You’re Only One Person! How To Make HR Easier (& Less Risky) For Your Company

As an entrepreneur or small business owner, you are used to juggling multiple balls. From sales and fulfillment to answering the phones and cleaning up, you do it all. Even HR. But this is like juggling with fire. Much harder — and a lot more risky. How do you avoid getting burned when it comes to human resources?

HR: Understand the Risk

Human Resources is one of the most complex occupations; the skill set required is as diverse as it is specialized. These professionals need to be fluent in the psychological, emotional, technical, legal, compliance, and regulatory aspects of HR. They are adept at juggling too, and they have the expertise and experience to keep all the balls in the air.

The relationship between employer and employee is seen as imbalanced; the employer, many believe, are in the position of power. That perceived imbalance has created a legislative system that is full of checks and balances; everything, from minimum wage and work hours to health and safety, is highly regulated.

Provincially regulated employers in Ontario must adhere to the Employment Standards Act, Occupational Health and Safety Act, the Workplace Safety and Insurance Act (1997), the Pay Equity Act, and the Human Rights Code. Federally regulated employers in Ontario also have a mirrored list of Federal legislation they must comply with.

If that is not complex enough, legislation is continually changing. You can’t learn it once and call it a day. You need to stay up-to-date — or up-to-the-minute, as it often feels like. And that’s on top of all the other functions for which you are responsible in running your business.

When you handle HR on your own, or entrust the function to a generalist rather than a specialist, you leave your company exposed to legal issues and litigation.

How can you reduce the risk without making human resources your full-time job?

3 Tips to Mitigate Risk When Handling HR In Your Company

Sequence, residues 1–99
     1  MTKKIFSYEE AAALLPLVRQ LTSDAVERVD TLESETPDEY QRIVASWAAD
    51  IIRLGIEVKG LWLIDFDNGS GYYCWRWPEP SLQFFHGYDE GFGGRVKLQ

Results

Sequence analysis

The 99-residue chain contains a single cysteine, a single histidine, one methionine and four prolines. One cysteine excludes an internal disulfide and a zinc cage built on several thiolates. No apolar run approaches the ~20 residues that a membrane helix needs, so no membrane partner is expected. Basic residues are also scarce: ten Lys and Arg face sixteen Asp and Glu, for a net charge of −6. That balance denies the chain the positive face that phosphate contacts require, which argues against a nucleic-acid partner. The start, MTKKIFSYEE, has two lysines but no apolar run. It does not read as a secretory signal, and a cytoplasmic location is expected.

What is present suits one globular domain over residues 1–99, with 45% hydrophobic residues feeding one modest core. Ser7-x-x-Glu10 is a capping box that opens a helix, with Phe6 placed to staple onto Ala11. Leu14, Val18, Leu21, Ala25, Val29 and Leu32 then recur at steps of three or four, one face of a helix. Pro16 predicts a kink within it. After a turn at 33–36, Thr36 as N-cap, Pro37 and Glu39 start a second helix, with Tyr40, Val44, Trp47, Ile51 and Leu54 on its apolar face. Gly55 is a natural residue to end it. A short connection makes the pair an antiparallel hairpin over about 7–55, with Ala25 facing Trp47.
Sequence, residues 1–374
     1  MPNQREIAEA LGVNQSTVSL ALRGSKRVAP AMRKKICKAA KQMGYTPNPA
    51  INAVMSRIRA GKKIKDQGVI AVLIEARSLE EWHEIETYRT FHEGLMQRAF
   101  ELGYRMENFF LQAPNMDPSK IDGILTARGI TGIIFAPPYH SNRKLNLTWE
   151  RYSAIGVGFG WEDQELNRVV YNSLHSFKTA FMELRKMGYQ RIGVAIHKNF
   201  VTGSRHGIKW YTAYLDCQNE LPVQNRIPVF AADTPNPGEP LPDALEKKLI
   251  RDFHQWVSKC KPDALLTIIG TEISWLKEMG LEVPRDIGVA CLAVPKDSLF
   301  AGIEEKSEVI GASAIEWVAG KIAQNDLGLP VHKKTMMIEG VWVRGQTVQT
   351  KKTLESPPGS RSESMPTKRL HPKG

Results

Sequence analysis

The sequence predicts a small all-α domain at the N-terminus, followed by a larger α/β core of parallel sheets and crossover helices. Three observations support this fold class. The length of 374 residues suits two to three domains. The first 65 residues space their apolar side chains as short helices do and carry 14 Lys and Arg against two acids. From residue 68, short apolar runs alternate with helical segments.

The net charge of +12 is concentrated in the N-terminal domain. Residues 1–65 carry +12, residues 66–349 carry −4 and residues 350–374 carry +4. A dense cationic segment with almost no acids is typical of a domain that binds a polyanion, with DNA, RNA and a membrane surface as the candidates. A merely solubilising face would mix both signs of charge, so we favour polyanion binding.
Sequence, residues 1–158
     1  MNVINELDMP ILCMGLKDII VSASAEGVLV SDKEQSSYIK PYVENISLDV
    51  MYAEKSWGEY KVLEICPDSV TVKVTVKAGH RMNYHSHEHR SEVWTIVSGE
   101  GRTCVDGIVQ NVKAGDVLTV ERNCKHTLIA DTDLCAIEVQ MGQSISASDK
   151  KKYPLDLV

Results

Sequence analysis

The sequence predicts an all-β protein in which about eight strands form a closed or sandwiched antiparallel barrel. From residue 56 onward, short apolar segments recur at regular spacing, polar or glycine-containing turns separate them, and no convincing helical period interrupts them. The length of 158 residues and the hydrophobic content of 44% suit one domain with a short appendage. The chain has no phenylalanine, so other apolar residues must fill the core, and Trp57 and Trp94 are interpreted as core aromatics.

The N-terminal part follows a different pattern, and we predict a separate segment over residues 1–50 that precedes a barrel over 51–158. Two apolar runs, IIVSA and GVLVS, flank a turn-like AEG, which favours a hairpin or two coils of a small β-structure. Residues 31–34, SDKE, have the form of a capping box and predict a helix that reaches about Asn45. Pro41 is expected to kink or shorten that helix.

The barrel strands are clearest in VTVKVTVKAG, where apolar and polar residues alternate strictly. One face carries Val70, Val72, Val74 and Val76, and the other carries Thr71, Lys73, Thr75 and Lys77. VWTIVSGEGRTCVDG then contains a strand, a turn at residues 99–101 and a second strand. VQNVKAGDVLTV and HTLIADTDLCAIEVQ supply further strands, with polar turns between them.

1. Conduct an HR Audit
  2. Handled by an HR consultant, these comprehensive audits look at everything: your policies, procedures, systems, and documentation. Do you have everything you need in place for effective human resources management?

    Most small and medium businesses find that the answer is “No.” It is better to find out in an audit, however, than in a legal situation. You will be able to identify weak points so you can take steps to minimize liabilities and proactively manage risk.

    Remember that HR encompasses both legal obligations and professional best practices. For example, there are not a lot of legal requirements regarding probationary periods for employees, but many HR professionals find them to be useful in managing employee performance. An audit helps you cover both fronts effectively.

  3. Find an Employment Law Expert and Include Them in Your HR Discussion Early
  4. Do not wait for a crisis. With counsel you trust, you can often resolve issues in a way that saves you from the consequences of making a move that triggers liabilities.

    Even companies with HR departments benefit from retaining employment lawyers. Unlike HR professionals, lawyers have an edge because they understand the legal system from the inside. They know how to weigh, collect, and present evidence in a compelling way; they understand the mechanics of litigation and mediation; they are able to strategize effectively in a legal setting.

    If you see a red flag, have a misgiving about an employee, or need a sounding board before making a human capital decision, call on your counsel. A simple 20-minute phone or email exchange can impact your bottom line significantly by helping you avoid legal action.

  5. Invest in HR as Early as Possible
  6. The earlier you invest in human resources, the more impact you will have on employee performance and workplace culture. With a strong HR function, you can also improve the effectiveness of operations and prevent potential legal problems.

    It can be a hard sell: there are so many other areas demanding a piece of your budget. The return on investment from HR can be more difficult to see, at least initially. But it will pay off in the long-run.

As a business owner, you already have enough to do. Don’t add juggling with fire to your resume. Consult an employment lawyer to make sure you make the right decisions and mitigate your risk.

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About Pamela Krauss

Pamela Krauss is an expert in employment law.

She has appeared before the Ontario Small Claims Court, Superior Court of Justice, Divisional Court, and Court of Appeal and the Human Rights Tribunal of Ontario. She also has a breath of experience in handling Ministry of Labor complaints, Canadian Labor Board unjust dismissal claims and Canadian Human Rights Commission applications.

Learn More